The centre of the Milky Way, Sgr A* experienced short but intense flares over the past few hundred years. The time delay caused by light propagation from Sgr A* to the surrounding clouds and then to us, allows MPA scientists to study Sgr A*’s past activity. At the same time, flares serve as an extremely powerful probe of molecular gas properties. In particular, the full 3D structure of molecular clouds and their density distribution on small scales can be reconstructed.
Using three-dimensional general relativistic magnetohydrodynamic simulations, scientists at the MPA have studied thick accretion disks orbiting around black holes. They find that weak magnetic fields can suppress the development of large-scale over-densities in the accretion flow. The onset of magnetic turbulence reshapes the disk's structure and could even quench the gravitational-wave signal produced without magnetic fields.
The magnetic fields of the Milky Way cause electrons with nearly the speed of light to rotate and to emit radio waves. As consequence, this radiation should also "rotate" slightly, it is circularly polarized. Researchers at the Max Planck Institute for Astrophysics and colleagues have now predicted some properties of this polarization and created a "wanted poster" to allow targeted searches.
Stars exploding as supernovae are the main sources of heavy chemical elements in the Universe. Using elaborate computer simulations, a team of researchers from the MPA and RIKEN in Japan were able to explain the recently measured spatial distributions of radioactive titanium and nickel in Cassiopeia A. The computer models yield strong support for the theoretical idea that such stellar death events can be initiated and powered by neutrinos escaping from the neutron star left behind at the origin of the explosion.
With complex radiation-hydrodynamical simulations scientists at MPA demonstrate that “pre-supernova feedback” by the intense radiation and stellar winds from massive O and B type stars changes the multi-phase structure of the interstellar medium. While the efficiency of star formation is reduced by “pre-supernova feedback”, individual supernovae explode in lower density environments with enhanced impact.
It is widely known that our planet Earth and the Solar System itself are embedded in the Milky Way, and it is through this galaxy that we look out onto the Universe. Our Galaxy’s gravitational field and its non-uniformity limit the accuracy of astrometric observations of distant – extragalactic – objects. An international group of astrophysicists including a researcher at the Max Planck Institute for Astrophysics tried to find out how strong this effect is.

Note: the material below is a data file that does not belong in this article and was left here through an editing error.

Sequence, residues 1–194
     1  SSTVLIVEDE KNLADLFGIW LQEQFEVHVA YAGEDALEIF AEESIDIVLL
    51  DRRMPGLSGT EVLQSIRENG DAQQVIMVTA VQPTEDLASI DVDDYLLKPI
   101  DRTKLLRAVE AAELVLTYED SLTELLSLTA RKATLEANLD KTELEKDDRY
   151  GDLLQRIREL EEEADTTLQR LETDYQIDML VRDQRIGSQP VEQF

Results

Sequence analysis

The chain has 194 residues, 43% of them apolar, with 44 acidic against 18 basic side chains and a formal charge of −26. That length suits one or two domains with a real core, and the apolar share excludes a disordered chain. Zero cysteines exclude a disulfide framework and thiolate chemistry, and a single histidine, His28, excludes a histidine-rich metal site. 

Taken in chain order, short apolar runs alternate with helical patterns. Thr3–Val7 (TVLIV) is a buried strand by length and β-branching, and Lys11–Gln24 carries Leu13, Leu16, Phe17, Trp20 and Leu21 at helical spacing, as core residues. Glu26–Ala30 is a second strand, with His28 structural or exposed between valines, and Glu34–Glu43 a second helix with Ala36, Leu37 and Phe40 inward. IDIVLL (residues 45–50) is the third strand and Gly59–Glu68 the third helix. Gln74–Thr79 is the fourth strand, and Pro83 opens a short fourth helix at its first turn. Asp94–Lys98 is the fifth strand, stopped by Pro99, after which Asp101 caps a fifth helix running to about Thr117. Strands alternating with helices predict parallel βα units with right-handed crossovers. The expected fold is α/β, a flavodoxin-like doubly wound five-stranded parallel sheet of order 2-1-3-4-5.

Researchers at MPA and in other institutions worldwide devised a new way of simulating the impact of large-scale primordial perturbations in the dark matter distribution on the abundance of structures observed at late times, the so-called separate universe simulations. Using this technique, the MPA researchers recently obtained some of the most precise measurements of the local bias, confirming the known trend that more massive halos are more biased than smaller halos.
Researchers using the Atacama Large Millimeter/submillimeter Array (ALMA) successfully imaged a radio “hole” around a galaxy cluster 4.8 billion light-years away. This is the highest resolution image ever taken of such a hole caused by the Sunyaev-Zel'dovich effect (SZ effect). The image proves ALMA’s high capability to investigate the distribution and temperature of gas around galaxy clusters through the SZ effect.
Each year since 2002, analysts at Clarivate Analytics (formerly Thomson Reuters) mine millions of citations in the Web of Science to identify top-tier researchers in physiology, medicine, physics and chemistry as well as economics. MPA director Rashid Sunyaev is one of five 2017 physics laureates for his “profound contributions to our understanding of the Universe, including its origins, galactic formation processes, disk accretion of black holes, and many other cosmological phenomena.”
Using strong gravitational lensing, Simona Vegetti aims to constrain the properties of dark matter and investigate the formation of structure in the universe. Recently, she has been selected as recipient of an ERC starting grant, which will allow her to expand her group and refine her unique modelling technique as well as applying this to new, high-quality data.
Gravitational waves have become a very hot topic in astrophysics since their detection by LIGO in 2015. This means that also possible precursors are in the focus of research – general relativistic research because these objects are either black holes or neutron stars. The 2017 Biermann Lecturer, Masaru Shibata from the Kyoto University, uses numerical simulations and general relativity (or numerical relativity for short) to study the merger of such extreme objects and the properties of both the electromagnetic radiation and gravitational waves emitted during these events.